For the CEO, achieving D&I can’t just be talk and no action - it means getting into the details of “what are the KPIs, what is required to drive change, and when we’re going to deliver on that”.

And it can’t just be one set of numbers either. “Achieving one KPI doesn’t mean you have delivered on something. There are KPIs such as gender diversity and ethnic diversity. But you also have to ask, are these people coming from different backgrounds? For example, if you have half the leadership team made up of women, but if they are from similar backgrounds with similar points-of-view, that’s not really driving diversity.”

The issue gets more complicated at the level of local execution. After all, each region and country has its own history and context to deal with. The BLM movement, for example, might have stronger resonance in the US and UK than it does in APAC.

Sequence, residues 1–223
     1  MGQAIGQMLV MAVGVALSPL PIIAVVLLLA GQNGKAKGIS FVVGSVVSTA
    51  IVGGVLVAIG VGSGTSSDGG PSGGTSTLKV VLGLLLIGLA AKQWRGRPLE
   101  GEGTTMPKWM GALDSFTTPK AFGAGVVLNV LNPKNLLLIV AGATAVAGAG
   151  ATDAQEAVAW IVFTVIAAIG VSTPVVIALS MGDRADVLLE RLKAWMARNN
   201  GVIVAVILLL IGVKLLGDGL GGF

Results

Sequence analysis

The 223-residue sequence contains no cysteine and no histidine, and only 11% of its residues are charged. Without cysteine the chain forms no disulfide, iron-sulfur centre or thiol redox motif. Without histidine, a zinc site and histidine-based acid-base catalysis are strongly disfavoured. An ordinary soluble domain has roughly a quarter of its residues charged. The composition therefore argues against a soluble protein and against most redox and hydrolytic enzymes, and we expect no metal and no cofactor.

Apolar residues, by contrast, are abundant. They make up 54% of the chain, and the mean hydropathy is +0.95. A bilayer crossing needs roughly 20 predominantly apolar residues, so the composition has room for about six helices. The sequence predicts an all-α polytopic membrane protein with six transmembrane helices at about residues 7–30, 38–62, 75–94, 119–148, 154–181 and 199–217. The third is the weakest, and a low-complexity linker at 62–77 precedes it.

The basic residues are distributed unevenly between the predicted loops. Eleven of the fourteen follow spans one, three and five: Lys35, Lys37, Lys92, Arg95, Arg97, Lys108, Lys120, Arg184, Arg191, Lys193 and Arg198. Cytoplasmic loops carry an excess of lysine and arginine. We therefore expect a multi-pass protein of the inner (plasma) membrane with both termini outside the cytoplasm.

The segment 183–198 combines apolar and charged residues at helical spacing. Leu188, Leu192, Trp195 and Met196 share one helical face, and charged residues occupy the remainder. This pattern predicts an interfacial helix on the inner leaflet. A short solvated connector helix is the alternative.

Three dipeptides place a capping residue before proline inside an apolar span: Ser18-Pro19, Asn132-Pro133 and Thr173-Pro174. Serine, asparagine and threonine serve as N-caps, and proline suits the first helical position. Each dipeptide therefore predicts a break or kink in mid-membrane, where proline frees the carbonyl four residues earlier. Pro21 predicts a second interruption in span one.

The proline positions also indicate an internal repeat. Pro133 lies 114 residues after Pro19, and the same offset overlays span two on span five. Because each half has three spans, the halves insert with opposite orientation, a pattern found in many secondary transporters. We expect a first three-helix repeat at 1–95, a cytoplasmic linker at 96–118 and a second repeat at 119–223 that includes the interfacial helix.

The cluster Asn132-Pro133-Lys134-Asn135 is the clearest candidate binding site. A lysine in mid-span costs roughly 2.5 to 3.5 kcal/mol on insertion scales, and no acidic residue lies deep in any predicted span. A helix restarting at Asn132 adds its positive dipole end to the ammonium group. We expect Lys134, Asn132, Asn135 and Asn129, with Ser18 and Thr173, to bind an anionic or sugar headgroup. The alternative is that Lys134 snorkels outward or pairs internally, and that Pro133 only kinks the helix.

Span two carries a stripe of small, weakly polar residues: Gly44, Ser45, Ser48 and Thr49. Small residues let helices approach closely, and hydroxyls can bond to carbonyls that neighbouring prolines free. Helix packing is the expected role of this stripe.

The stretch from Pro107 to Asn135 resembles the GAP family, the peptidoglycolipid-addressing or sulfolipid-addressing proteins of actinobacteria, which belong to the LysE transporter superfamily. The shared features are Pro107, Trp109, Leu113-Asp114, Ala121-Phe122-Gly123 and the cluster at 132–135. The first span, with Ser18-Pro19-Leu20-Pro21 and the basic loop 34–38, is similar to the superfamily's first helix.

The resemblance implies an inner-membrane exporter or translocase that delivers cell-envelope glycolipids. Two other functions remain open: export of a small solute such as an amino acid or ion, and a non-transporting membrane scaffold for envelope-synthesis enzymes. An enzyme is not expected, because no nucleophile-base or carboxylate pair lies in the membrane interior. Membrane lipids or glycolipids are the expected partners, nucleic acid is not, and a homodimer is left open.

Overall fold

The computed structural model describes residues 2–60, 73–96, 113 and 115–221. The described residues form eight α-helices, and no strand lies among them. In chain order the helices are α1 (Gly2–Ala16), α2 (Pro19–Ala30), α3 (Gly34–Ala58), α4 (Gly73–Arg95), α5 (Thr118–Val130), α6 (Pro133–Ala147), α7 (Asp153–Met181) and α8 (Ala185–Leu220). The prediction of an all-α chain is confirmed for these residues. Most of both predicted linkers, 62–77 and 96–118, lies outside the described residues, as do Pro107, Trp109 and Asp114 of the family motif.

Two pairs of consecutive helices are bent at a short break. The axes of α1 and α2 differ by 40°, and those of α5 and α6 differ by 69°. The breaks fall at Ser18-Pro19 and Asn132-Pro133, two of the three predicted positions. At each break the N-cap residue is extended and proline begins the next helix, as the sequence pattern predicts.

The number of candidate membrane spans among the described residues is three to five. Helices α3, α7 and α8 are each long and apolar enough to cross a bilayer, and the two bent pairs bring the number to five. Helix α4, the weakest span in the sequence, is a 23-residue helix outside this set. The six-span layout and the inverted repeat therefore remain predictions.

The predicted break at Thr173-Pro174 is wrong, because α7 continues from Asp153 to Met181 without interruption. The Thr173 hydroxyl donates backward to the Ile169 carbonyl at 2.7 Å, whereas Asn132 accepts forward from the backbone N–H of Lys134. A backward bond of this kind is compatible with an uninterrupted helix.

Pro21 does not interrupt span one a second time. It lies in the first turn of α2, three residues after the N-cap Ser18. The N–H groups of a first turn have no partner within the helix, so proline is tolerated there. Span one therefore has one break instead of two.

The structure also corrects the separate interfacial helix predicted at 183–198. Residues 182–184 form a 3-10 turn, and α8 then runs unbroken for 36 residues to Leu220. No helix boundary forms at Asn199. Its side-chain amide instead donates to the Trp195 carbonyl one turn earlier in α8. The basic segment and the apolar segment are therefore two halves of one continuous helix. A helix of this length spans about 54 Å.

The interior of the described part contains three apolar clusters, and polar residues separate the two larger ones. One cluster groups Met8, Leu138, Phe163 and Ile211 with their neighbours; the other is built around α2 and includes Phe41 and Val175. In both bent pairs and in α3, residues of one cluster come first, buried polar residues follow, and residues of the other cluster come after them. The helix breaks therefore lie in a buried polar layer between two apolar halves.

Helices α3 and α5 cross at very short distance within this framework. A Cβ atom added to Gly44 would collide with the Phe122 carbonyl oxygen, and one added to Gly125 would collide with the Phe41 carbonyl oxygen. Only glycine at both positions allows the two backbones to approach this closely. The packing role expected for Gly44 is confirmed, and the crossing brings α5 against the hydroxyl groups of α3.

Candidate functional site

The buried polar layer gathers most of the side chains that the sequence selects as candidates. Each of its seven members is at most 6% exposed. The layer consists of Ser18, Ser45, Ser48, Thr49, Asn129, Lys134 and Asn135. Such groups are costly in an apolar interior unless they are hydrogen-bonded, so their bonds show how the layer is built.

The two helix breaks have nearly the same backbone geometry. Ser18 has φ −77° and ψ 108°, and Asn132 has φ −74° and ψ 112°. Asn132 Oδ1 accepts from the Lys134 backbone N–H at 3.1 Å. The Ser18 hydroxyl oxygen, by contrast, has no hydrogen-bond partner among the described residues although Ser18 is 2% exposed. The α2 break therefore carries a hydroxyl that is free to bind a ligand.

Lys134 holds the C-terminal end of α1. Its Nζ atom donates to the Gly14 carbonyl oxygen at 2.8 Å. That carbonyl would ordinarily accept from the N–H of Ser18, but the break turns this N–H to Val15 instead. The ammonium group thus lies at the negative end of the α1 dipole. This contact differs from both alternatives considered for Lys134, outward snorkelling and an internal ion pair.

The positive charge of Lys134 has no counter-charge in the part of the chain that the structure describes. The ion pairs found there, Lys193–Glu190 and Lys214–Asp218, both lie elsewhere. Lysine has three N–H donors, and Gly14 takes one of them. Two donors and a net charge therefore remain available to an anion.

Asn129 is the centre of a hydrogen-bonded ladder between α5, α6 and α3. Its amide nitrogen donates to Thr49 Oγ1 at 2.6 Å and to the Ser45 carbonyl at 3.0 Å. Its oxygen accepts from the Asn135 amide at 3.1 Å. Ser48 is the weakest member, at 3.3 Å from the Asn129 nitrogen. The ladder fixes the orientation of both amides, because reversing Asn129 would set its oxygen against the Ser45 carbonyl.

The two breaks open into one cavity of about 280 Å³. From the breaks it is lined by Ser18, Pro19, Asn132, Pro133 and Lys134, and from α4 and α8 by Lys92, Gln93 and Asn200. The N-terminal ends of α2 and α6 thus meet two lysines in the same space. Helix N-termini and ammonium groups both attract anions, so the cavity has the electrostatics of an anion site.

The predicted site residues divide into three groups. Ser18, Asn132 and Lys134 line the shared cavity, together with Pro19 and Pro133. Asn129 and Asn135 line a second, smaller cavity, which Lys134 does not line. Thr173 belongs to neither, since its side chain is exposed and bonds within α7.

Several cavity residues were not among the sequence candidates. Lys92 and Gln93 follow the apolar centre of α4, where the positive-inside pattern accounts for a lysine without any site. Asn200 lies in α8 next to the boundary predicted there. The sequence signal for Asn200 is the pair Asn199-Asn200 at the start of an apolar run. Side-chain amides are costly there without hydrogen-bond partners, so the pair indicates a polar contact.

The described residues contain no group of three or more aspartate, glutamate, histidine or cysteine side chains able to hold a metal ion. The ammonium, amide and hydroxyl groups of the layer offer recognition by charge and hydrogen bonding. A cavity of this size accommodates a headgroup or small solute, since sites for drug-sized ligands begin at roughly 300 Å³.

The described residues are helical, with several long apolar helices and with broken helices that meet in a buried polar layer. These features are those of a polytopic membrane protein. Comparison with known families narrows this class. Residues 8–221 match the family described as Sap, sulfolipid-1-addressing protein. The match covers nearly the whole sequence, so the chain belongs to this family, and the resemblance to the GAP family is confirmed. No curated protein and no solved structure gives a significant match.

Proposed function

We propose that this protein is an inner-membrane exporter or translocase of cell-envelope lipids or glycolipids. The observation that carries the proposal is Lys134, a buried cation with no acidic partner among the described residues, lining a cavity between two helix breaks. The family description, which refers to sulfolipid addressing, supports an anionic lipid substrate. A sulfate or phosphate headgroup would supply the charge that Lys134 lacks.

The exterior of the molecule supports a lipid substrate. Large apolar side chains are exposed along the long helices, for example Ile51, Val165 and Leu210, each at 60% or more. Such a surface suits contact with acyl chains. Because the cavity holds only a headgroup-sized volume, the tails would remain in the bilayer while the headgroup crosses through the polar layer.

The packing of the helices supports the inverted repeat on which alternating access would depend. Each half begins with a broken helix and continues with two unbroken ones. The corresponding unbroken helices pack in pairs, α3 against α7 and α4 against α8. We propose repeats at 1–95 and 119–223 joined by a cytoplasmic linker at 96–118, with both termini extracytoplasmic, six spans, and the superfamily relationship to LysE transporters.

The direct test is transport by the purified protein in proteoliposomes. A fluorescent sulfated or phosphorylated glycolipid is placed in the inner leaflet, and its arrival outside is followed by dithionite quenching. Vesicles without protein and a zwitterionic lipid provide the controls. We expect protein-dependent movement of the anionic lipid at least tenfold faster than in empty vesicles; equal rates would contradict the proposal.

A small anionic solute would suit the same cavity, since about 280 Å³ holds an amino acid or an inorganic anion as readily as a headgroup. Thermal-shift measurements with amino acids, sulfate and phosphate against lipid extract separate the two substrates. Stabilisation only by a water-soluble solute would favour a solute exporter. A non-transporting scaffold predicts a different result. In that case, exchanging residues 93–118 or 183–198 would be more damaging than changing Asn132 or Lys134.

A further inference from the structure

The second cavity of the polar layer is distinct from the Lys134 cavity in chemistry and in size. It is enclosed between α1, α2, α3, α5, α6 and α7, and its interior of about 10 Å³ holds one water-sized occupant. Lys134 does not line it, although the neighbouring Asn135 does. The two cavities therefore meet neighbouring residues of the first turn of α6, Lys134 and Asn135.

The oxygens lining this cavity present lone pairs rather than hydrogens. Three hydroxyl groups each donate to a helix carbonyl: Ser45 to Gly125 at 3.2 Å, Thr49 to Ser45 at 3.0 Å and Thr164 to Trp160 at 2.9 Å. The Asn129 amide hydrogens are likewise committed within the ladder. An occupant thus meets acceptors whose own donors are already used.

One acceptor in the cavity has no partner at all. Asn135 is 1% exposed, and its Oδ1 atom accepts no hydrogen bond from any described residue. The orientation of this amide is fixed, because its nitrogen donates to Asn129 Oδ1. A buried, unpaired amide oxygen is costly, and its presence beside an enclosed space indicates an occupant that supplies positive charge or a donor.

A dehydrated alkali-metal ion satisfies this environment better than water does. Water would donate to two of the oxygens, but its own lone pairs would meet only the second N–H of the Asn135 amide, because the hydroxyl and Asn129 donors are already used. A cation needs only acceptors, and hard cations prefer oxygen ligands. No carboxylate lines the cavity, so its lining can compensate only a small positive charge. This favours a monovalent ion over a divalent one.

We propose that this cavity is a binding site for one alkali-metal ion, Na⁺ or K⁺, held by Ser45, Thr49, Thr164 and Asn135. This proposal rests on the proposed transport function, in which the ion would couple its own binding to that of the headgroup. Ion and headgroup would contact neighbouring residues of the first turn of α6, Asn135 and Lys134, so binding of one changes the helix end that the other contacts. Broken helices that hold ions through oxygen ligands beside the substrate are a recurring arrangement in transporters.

Sometimes, there might also be surprising findings. 

“You’d think that in Asia, because you have vastly different markets, [you already have that diversity], so the issue is less about race than gender diversity. But for example, according to a study by Campaign and Kantar, more than 50% of those who identified as Southeast Asian said they felt they had missed out on an opportunity because of their race, and people across the APAC region feel they are overlooked because their viewpoint doesn’t tie with the ‘white-dominated business world’. We have to accelerate the process of nurturing local leadership.” 

Walking the talk

It is something that Matsushita is invested in as global CEO of one of the world’s most powerful data-driven organisations. 

Globally, 55% of Essence’s workforce is female, versus 45% male. At the leadership level, 43% is female, with that number hitting 48% among senior vice presidents.